Pensions Support

Try our FAQs to find the right support for your query



  • Can I have more than one pension?

    You may contribute to several pension plans, but you will only be able to claim total tax relief up to certain limits.

    You may not have a personal pension plan and be in a company pension plan unless the two plans relate to two separate and distinct sources of income.

    Similarly if you are in a company pension plan (and have no separate source of earnings) you will only be able to claim tax relief on AVCs made to either the company pension plan or an AVC PRSA. In that situation, you cannot claim tax relief on contributions made to a PRSA unless you have a separate and distinct source of income

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  • What happens to my pension fund if I die in retirement?

    The position of your pension fund will then depend on the income option you selected at retirement.

    If you opted to buy an Annuity Plan, the pension will cease on your death, but your spouse may receive a pension depending on the annuity plan selected by you at retirement. In some instances your pension will continue to be paid for a set period if you selected that option at retirement. However, in general no funds will be payable to your estate for the benefit of your dependants.

    Provided that you qualified if you opted at retirement to transfer your retirement fund to an Approved Minimum Retirement Fund (AMRF) or an Approved Retirement Fund (ARF), the balance of these funds, on your death in retirement, can be transferred to an ARF owned by your spouse.

    On your death (or your spouse's death, if later), the balance of the fund can be paid to your or your spouse's estate for the benefit of dependants on which tax is likely to be payable.

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  • What can I expect to get from my pension when I retire?

    The objective of a pension plan is to help provide you with a sufficient income when you retire. Key factors that will affect your pension fund include:

    • The contributions you have made to the plan
    • The performance of your pension fund
    • The charging structure of your plan
    • When you started your plan
    • Annuity rates at retirement It is recommended that you review your pension plan every year, as your income and financial circumstances will change from year to year. A pension plan is a long-term investment but taxation rules, economic conditions and pension legislation are changing all the time.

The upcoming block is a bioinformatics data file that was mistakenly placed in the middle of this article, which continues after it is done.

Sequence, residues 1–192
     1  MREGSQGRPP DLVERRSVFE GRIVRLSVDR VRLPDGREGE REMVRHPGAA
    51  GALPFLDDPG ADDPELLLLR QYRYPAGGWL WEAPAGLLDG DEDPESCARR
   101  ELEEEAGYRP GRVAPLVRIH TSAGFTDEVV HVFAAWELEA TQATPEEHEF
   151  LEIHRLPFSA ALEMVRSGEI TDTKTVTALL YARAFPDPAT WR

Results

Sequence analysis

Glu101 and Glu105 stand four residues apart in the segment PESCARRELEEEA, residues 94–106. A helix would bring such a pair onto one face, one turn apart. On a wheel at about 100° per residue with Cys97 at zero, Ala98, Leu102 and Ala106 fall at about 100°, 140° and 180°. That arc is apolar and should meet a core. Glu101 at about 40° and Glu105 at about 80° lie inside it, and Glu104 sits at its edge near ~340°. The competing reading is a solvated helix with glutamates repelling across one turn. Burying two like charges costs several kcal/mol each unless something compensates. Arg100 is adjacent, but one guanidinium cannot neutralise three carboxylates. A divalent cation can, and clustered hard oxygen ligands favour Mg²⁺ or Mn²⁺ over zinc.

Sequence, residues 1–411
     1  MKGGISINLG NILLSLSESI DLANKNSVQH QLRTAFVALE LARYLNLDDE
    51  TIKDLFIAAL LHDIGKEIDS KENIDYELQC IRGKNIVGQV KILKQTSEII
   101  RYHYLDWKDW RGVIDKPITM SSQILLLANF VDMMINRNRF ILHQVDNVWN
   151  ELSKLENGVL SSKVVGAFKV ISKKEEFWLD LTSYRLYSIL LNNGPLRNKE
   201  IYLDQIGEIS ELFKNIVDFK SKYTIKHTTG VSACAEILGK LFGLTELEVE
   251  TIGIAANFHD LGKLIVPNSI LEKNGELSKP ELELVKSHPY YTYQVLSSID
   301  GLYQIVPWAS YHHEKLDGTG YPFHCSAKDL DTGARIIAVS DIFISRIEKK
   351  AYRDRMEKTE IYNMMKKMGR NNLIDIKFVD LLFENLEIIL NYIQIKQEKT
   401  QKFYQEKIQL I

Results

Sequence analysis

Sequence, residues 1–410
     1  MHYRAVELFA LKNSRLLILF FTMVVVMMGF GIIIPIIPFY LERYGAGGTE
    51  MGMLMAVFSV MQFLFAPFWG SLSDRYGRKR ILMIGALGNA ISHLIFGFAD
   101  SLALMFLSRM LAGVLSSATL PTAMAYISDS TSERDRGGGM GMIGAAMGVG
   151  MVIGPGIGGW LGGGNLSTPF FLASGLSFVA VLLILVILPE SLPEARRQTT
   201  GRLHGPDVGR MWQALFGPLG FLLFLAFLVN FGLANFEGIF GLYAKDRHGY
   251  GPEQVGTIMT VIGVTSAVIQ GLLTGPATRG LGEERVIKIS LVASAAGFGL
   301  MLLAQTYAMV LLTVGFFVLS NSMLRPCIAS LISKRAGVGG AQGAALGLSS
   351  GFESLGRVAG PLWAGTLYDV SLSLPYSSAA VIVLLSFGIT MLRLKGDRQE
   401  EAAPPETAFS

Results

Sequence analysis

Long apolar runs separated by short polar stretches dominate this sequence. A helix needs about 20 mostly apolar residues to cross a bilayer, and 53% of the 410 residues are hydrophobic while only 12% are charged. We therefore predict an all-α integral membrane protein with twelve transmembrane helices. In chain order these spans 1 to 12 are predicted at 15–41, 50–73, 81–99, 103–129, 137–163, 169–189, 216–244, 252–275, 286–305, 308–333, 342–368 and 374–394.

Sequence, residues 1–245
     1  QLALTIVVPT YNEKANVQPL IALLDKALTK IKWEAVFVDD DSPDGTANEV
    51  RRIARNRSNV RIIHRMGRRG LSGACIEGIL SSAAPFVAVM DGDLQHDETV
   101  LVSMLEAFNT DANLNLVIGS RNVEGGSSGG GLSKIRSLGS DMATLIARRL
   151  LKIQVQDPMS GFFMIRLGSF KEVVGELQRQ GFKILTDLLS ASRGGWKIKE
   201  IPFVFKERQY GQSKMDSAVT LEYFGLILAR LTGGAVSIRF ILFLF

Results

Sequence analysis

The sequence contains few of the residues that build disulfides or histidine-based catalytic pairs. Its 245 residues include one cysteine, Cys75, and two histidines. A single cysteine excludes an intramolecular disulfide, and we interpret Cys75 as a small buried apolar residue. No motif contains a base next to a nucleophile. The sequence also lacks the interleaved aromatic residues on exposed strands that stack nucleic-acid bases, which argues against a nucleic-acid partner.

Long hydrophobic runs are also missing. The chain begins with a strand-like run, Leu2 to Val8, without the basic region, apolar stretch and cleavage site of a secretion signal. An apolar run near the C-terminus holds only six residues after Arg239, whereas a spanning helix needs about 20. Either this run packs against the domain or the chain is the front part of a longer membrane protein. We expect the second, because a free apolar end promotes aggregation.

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  • What happens to my pension fund if I die before I retire?

    Your estate and/or dependants will normally benefit from the full value of your fund. If you have life cover with your pension, the benefit to your estate and/or dependants may be increased.

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  • How flexible is a personal pension or PRSA? Suppose I want to take a year out or a career break or stop making contributions at any stage?

    Most pension plans are flexible and will allow you to suspend payments if you need to, without incurring a penalty.

    Check the details of your own pension with a financial adviser. In addition, remember to review any additional benefits you have on your pension (such as life assurance) as these will continue to be charged to the fund.

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  • If I am already paying into a pension plan, will I still get a State pension?

    This will depend upon your individual circumstances. If you have made appropriate PRSI contributions, you will be entitled to get the State Pension (Contributory) in addition to the pension from your own pension plan.

    If you have not made appropriate PRSI contributions, you may be dependent on a non-contributory pension. This will be means tested by the Department of Social Welfare and may be affected by your own pension plan. Further information is available from the Department of Social Welfare.

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  • What tax relief can I claim?

    You can claim tax relief on your pension contributions up to 40% of your net relevant earnings, depending on your age. This means that for every €1 you pay, you could claim up to 40% back in tax relief assuming you are a higher rate tax payer (20 cent if you pay tax at the standard rate of income tax)

    If you're in a company pension scheme you will normally receive full income tax relief at source on your pension contributions You should also receive PRSI relief on your pension contributions.

    It should however be noted that tax relief is not automatically granted - you must satisfy the Revenue requirements. In certain circumstances your contributions may have to be restricted.

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  • When is the best time to start a pension?

    As early as possible. It is estimated that the cost to achieve the fund you that will need for a comfortable retirement almost doubles every eight years. So the sooner you start saving for your retirement the better.

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